It is widely recognized that regulatory efforts outside of the nursing home have had relatively limited success in monitoring patient care complaints (New York State Moreland Act Commission, 1975; Weatherby, 1975). As a result, the public at large and an increasing number of policy analysts have aggressively called for the initiation of alternative long term care monitoring strategies (Regan, 1977; Linnane, 1977; Vladeck, 1980). One such recently developed administrative ameliorative, with direct ties to the local community, is the nursing home patient ombudsman. The ombudsman program, when serving as a complaint redress mechanism for the institutionalized aged, is believed to operate in a dynamic interaction between nursing home residents, their families and friends, facility personnel, community and government. Such programs have stressed the importance of the citizen volunteer, and the development of communication networks between residential facilities and the larger community.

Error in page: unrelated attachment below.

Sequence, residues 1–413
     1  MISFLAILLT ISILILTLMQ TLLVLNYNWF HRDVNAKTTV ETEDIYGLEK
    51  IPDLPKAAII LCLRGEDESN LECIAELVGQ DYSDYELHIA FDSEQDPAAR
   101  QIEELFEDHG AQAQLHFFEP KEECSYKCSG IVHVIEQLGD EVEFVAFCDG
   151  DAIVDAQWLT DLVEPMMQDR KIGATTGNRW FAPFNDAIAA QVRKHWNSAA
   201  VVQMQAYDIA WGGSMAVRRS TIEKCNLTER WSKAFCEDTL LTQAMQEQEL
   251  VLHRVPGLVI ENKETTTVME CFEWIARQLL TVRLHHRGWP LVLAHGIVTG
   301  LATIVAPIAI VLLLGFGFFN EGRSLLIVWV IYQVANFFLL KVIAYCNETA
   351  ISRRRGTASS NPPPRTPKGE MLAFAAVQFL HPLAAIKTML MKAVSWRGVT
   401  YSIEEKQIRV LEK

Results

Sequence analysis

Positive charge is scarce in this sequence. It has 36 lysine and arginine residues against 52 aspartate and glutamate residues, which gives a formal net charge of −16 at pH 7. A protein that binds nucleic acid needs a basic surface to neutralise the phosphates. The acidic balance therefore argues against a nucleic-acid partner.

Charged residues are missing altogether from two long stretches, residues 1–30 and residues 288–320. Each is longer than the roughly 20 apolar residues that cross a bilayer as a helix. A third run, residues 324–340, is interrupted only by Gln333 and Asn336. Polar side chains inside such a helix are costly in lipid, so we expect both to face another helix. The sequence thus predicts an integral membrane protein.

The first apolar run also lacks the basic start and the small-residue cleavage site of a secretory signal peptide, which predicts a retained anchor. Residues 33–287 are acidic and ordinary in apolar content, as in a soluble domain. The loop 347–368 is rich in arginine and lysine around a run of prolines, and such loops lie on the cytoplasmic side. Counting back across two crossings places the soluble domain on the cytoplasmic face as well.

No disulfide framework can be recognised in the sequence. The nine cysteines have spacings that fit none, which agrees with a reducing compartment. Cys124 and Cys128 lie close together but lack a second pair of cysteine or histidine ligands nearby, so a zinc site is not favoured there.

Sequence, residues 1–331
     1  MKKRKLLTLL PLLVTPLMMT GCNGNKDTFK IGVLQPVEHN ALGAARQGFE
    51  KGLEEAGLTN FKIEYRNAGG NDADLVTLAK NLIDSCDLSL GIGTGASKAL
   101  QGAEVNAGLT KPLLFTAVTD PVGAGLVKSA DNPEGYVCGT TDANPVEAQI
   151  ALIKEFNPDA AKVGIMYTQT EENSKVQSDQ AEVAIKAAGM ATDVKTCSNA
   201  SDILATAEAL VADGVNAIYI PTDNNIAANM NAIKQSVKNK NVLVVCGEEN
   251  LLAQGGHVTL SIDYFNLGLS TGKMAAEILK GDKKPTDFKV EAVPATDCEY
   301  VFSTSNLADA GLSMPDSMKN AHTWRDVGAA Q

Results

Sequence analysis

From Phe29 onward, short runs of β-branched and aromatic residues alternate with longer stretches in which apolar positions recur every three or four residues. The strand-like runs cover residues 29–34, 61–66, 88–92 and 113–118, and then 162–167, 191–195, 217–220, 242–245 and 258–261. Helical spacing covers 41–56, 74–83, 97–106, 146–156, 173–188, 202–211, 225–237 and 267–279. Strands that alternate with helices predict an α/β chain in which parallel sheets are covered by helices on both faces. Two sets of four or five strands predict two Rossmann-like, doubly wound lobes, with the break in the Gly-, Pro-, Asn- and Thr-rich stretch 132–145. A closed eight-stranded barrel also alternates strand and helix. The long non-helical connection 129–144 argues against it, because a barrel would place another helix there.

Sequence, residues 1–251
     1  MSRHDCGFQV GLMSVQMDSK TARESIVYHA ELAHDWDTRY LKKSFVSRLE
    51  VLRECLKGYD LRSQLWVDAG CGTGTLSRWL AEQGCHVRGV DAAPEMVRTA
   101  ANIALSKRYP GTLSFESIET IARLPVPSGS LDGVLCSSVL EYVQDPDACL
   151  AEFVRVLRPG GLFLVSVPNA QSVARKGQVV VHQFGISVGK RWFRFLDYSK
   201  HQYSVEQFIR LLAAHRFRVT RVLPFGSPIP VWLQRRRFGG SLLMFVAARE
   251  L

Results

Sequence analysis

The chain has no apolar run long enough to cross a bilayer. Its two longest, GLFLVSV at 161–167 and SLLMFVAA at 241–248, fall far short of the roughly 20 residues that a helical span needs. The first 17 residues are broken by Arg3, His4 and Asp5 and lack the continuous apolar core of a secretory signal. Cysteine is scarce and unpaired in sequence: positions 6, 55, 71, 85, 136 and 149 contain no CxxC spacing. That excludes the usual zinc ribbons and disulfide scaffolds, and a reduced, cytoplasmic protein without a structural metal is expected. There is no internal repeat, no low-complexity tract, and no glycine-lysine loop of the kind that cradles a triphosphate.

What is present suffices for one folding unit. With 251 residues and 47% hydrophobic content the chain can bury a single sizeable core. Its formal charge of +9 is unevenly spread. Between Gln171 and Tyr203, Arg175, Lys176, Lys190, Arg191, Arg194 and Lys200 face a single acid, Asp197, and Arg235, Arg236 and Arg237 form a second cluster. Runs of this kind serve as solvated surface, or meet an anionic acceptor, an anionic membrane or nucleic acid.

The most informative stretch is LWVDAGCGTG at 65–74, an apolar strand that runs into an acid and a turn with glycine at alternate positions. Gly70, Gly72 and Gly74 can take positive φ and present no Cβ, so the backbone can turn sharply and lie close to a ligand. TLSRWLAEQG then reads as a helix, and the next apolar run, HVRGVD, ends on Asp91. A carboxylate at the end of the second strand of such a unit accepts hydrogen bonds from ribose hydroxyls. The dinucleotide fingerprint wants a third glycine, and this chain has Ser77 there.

Monk, Abraham and Kaye, Lenard W.
"Community Representation and Empowerment in Long Term Care Settings: The Case of the Nursing Home Patient Ombudsman,"
The Journal of Sociology & Social Welfare: Vol. 9:
1, Article 10.
Available at: https://scholarworks.wmich.edu/jssw/vol9/iss1/10
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